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Philip Rosales: The enterprising street artist

See how this frustrated architect makes a living by drawing signage for private and public vehicles.
By Johanna Poblete |

 

MR. DISKARTE. The enterprising street artist and vehicle signage-maker Philip Rosales. Photo by Heidi Aquende / Entrepreneur Philippines

 

“Artist ang may-ari nito (An artist owns this place),” said Philip Rosales, looking with interest at a jeepney wall mosaic, with hand-painted signs of popular destinations like “Quiapo Ilalim, (Quiapo underpass)" and classic witticisms like “Kalimutan ang lahat, huwag lang ang bayad! (Forget everything but the payment!),” which decorated the restaurant where he was interviewed for this story.

 

A street artist who makes signages, Rosales studied architecture for three years at a Cebu-based university before he worked as a draftsman to earn money. “Kakagat ka talaga, kasi naghihirap ka sa pag-aaral mo, gapang ka 'eh. Yung mga anak-mayaman, kayang-kaya naman nila. Eh kami, talagang ma-eengganyo, titigil sa pag-aaral hangga’t natuluyan na.” (You’d really be tempted to quit school, because you’re also working hard to study. It’s no problem for those students who were well off. But for us, it was really tempting to quit school in favor of work.)

 

But Rosales found the daily grind did not suit him. He found other ways to make a living as an artist-for-hire in the late 1980s. A night’s work painting backdrop at the Cultural Center of the Philippines, or painting artwork for one of the major malls, already earned him the equivalent of a week’s pay at his old job.

 

And he eventually decided to freelance full-time, offering services like painting, silk-screening, and calligraphy at shops along Recto Avenue. He was earning money and, best of all, he was his own boss and controlled his time.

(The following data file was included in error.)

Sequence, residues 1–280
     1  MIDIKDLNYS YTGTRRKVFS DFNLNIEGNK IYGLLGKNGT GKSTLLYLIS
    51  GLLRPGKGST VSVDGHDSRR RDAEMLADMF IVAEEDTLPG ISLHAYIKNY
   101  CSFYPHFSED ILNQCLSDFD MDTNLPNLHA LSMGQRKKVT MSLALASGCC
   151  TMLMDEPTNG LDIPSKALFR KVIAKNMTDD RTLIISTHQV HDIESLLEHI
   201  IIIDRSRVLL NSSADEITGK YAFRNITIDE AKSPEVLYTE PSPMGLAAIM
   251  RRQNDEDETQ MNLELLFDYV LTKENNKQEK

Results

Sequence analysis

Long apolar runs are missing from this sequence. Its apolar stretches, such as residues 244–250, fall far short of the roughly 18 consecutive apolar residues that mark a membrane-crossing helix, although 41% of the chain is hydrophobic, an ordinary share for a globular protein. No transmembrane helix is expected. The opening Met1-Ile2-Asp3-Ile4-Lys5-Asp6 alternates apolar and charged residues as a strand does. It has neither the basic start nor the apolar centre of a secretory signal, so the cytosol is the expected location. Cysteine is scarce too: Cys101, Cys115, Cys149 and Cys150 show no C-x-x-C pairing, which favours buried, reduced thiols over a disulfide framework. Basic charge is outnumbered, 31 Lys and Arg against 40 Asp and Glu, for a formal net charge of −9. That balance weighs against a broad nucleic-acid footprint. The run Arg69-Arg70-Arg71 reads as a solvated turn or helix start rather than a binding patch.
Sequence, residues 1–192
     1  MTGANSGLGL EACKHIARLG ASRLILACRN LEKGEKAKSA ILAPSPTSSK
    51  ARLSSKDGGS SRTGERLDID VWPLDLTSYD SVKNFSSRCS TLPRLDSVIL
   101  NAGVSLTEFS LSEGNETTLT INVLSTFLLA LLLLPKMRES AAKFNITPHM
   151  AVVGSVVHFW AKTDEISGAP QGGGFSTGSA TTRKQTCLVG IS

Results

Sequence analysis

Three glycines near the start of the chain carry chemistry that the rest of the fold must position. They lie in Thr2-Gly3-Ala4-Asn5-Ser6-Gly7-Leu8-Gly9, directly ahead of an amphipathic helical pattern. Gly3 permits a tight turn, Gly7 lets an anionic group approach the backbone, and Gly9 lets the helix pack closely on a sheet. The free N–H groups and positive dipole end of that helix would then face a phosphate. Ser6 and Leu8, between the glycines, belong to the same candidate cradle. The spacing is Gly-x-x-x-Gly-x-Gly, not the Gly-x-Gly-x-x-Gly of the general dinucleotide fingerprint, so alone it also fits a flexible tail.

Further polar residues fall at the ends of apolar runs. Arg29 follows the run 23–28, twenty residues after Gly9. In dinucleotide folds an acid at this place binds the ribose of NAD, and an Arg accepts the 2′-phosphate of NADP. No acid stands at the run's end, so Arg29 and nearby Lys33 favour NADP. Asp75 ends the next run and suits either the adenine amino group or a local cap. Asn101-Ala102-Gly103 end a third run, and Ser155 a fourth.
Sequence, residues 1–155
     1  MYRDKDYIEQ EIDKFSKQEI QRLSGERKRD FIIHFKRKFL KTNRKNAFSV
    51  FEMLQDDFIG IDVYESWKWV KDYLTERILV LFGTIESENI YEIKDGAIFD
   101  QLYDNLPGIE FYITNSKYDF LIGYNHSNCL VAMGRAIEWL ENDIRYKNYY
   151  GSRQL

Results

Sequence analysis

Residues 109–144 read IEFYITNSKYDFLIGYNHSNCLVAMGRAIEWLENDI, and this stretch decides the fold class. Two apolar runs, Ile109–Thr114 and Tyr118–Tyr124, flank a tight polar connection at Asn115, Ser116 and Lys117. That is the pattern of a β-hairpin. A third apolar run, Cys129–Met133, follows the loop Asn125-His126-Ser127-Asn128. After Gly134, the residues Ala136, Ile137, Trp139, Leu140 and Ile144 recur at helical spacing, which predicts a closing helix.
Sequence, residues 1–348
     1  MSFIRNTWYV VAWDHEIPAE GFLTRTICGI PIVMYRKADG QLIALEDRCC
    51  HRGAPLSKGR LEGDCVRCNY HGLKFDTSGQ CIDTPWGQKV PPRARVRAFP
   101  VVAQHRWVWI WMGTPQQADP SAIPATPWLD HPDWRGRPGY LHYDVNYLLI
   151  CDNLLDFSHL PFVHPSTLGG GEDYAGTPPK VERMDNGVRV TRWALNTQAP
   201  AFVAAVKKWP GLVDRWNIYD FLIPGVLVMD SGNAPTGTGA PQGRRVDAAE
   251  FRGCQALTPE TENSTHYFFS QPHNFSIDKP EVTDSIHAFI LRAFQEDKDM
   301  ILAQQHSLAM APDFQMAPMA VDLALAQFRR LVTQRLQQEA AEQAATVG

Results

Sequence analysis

Exploring new opportunities

But when digital printing came into play, the work dried up. “Nung sumikat ‘yung computer, mga 75% ang nawala sa income namin (When computers became popular, we lost around 75% of our income),” he said. Shops which could afford computers took on digital printing to survive. The others closed down. “Mahal na kasi ang upa, at mahina na ang art and sign (Rent was already expensive, and demand for art and sign then was dwindling),” said Rosales.

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Now 54-years-old, and with a wife and children to support (his sixth and youngest child is now in kindergarten, and his two eldest are both done with high school and are now working), Rosales treats every day as an opportunity waiting to happen. As enterprising as ever, he decided to make something from nothing: he collected used Styrofoam and created Christmas and Valentine’s Day décor which he sells at Divisoria.

 

 

RIDE ON. Colorful signage for public vehicles like jeepneys and buses. Photo from Flickr

 

 

The king of vehicle signage

But his bread and butter is making signage for public and private vehicles. A logistics company, in fact, has contracted out jobs to Rosales for the past 17 years.

 

But he also takes on every commercial art job he gets his hands on, from painting whimsical murals for residences to drafting affordable homes for Habitat for Humanity. Known for his pulido (polished) work, Rosales was also invited to take part in “Project Para Boss,” a movement to help sustain the craft of local signage painting by crafts shop Pop Junk Love.

 

He also teaches drawing. His brothers-in-law, who are also in the business, call on him when a job gets too complicated for them, such as when Lourdes Elementary School asked for a Marian portrait that did not resemble an “aswang,” or a vampire-like witch ghoul. “Kung artist ka talaga—na in-born talaga, talent mo talaga ‘yan—kahit ano kaya mo (If you’re really an artist—you’re born with it, it’s really your talent—then you can do anything),” said Rosales.

 

More than talent, Rosales has been able to be his own boss because he has diskarte (strategy). Rain or shine, he is always out looking for raket (business). “Kung hindi ka lalabas ng bahay, hindi ka kikita (If you won’t get out of the house, you won’t earn money),” Rosales said.

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He added, frustrated architect, pero masaya ako sa ginagawa ko. Minsan may problema, pero lumulusot. Basta makita ko na masaya ang pamilya ko, okay na ako.” (I’m a frustrated architect, but I’m happy with what I’m doing. Sometimes there are problems, but I get over them. As long as I see that my family’s happy, I’m OK already.)

 

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This article was originally published in the February 2015 issue of Entrepreneur Philippines magazine.

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